Once upon a time ransomware was a keyword in the cyber security alphabet that simply existed but never quite posed a threat. Fast forward to the present and ransomware has become a massive threat to individuals, businesses, institutions and even governments.
While ransomware is not the most prevalent type of malware currently facing end users, the potential for damage is high and the threat is growing every day.
Ransomware has been really evolving for nearly two decades now, and it doesn’t show signs of slowing down anytime soon. Let’s take a look at this evolution and follow up with an outlook on the future of ransomware.
1989 – AIDS Trojan
Ransomware, or at least a very early form of it, appeared two decades ago. In 1989, a Harvard academic named Joseph L Popp distributed over 20,000 discs to unsuspecting delegates who were attending a World Health Organization conference on AIDS.
Each disk, labeled “AIDS Information – Introductory Diskettes” contained a computer virus that silently inserted itself into the user’s computer. After the host computer was rebooted 90 times the virus-activated, promptly hiding away vital directories and encrypting files.
A message box then appeared on the screen prompting victims to send a ransom of $189 to a PO Box in Panama. Popp was eventually arrested, but due to his poor mental health he never stood trial.
2005 – The year Ransomware resurfaced
Popp was truly ahead of his time. It would take another 15 years before ransomware would resurface once more. In 2005 the internet had evolved, and the idea of ransomware was revisited once more by hackers who saw an opportunity to make money off unsuspecting victims. This opportunity, however, was now bolstered by new technology the likes Popp could only imagine in 1989.
Archievus was a Trojan that used secure 1024-bit RSA encryption. In true ransomware fashion, Archievus locked out the user’s My Documents folder in exchange for payment. While technically the victim still had access to the rest of their folders and subsequent files on their computer, the fact that most users store essential files in the “My Documents” folder still made Archievus a particularly nasty piece of ransomware.
Discovered in 2005, GPCode was one of the first known widely distributed examples of ransomware. GPCoder was far more complicated than Archievus – it targeted files with a wide variety of extensions by infecting Windows systems.
The targeted files were copied and encrypted and the originals were promptly deleted. These new files, which used RSA-1024 encryption, were unreadable and difficult to crack without advanced knowledge.
Victims were then presented with a message across their home screens that directed them to a .txt file (conveniently posted to their desktop) that contained the details needed to pay the ransom and unlock the files that were affected.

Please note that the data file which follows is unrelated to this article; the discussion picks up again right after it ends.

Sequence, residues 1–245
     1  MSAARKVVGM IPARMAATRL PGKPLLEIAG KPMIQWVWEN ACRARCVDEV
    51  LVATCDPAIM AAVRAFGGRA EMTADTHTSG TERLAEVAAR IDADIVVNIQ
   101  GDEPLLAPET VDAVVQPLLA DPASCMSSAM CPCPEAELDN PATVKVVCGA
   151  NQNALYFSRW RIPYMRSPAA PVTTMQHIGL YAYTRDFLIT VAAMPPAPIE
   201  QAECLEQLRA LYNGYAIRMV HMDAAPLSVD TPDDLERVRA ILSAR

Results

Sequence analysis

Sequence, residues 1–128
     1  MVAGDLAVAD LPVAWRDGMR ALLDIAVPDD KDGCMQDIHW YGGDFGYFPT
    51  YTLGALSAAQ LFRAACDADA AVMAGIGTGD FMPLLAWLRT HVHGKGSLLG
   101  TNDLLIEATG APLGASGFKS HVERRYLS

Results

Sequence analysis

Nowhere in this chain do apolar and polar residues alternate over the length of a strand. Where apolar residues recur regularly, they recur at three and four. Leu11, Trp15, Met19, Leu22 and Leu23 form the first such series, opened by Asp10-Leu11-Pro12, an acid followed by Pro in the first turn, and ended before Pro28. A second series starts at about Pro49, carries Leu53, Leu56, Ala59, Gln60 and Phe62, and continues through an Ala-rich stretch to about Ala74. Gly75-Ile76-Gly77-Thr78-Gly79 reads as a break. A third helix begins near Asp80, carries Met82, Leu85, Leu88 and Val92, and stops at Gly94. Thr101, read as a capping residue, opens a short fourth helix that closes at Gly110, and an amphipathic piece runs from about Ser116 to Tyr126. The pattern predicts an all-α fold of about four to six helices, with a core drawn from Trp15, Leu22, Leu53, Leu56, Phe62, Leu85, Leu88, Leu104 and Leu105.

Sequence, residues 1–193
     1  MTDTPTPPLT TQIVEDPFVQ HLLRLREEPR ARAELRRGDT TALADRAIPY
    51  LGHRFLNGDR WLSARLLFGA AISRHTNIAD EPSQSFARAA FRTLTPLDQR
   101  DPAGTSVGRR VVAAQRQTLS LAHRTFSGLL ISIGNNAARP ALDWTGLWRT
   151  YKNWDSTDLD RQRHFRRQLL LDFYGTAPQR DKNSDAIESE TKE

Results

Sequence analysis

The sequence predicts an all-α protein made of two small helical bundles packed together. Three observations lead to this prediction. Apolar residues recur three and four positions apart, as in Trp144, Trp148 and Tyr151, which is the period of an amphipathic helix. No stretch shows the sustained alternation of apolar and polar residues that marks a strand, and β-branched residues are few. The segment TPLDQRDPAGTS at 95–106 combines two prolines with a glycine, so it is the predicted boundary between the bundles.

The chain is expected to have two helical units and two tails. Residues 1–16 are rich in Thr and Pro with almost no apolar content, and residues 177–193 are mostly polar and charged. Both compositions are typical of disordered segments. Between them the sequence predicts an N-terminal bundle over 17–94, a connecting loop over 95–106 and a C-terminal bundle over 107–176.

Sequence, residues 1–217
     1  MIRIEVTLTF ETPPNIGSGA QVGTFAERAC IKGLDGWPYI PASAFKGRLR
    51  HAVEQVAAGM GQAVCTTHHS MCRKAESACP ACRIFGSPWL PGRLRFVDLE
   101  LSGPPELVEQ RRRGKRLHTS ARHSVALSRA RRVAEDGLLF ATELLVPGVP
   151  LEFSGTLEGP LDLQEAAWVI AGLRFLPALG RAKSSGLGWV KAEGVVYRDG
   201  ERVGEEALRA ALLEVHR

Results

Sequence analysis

2009 – 2012 – Ransomware undergoes yet another transformation
It took some time, but it was eventually discovered that GPCoder and Archievus could be detected and removed from a user’s system by running a simple antivirus program. Thus, ransomware once again fell somewhat into obscurity once more.
2009 – Vundo
However, ransomware would undergo yet another transformation soon enough. In 2009 a scareware virus known as Vundo stopped “scaring” its victims into performing a desired action (such as generating a fake security message to guide users to implement a fake fix) and began acting as ransomware, encrypting files on a user’s computer and selling a fix to unlock it.
Vundo’s transformation came at an opportune time for enterprising criminals — anonymous online payment platforms were becoming more and more popular making it that much easier to extort victims on a mass scale.
Furthermore, the technology and sophistication behind ransomware had also vastly improved between 2005 and 2009. By the tail end of 2012, Ransomware had become such a massive threat that it had a black market value worth $5 million.
2011 – Locking down the entire system
Ransomware underwent yet another transformation in 2011. This was the year that the WinLock Trojan was unleashed on the world. Unlike previous iterations of ransomware the Winlock Trojan didn’t simply lock out a user from a few files — it locked down the entire system.
The WinLock Trojan targeted Windows operating systems and copied the product activation system, keeping users locked out until they bought an activation key. After a series of steps users were eventually prompted to call a “toll-free” number — one that racked up a significant bill by the time the call was finished.
2012 – Police Ransomware
Police ransomware came into prominence in 2012. This form of ransomware would send messages masquerading as a law enforcement agency (such as the FBI) and making claims that illegal files had been found on a user’s system. The system would then be “confiscated” (locked down) until payment was received.
2013 – 2015 – Stronger faster crypto-encryption
2013 brought with it a far more aggressive iteration of ransomware — CryptoLocker. Gone were the scare tactics of the WinLock Trojan and police ransomware. 2013 criminals were far more straightforward with their demands. The user had two choices — either pay the ransom within three days or lose every file on their system.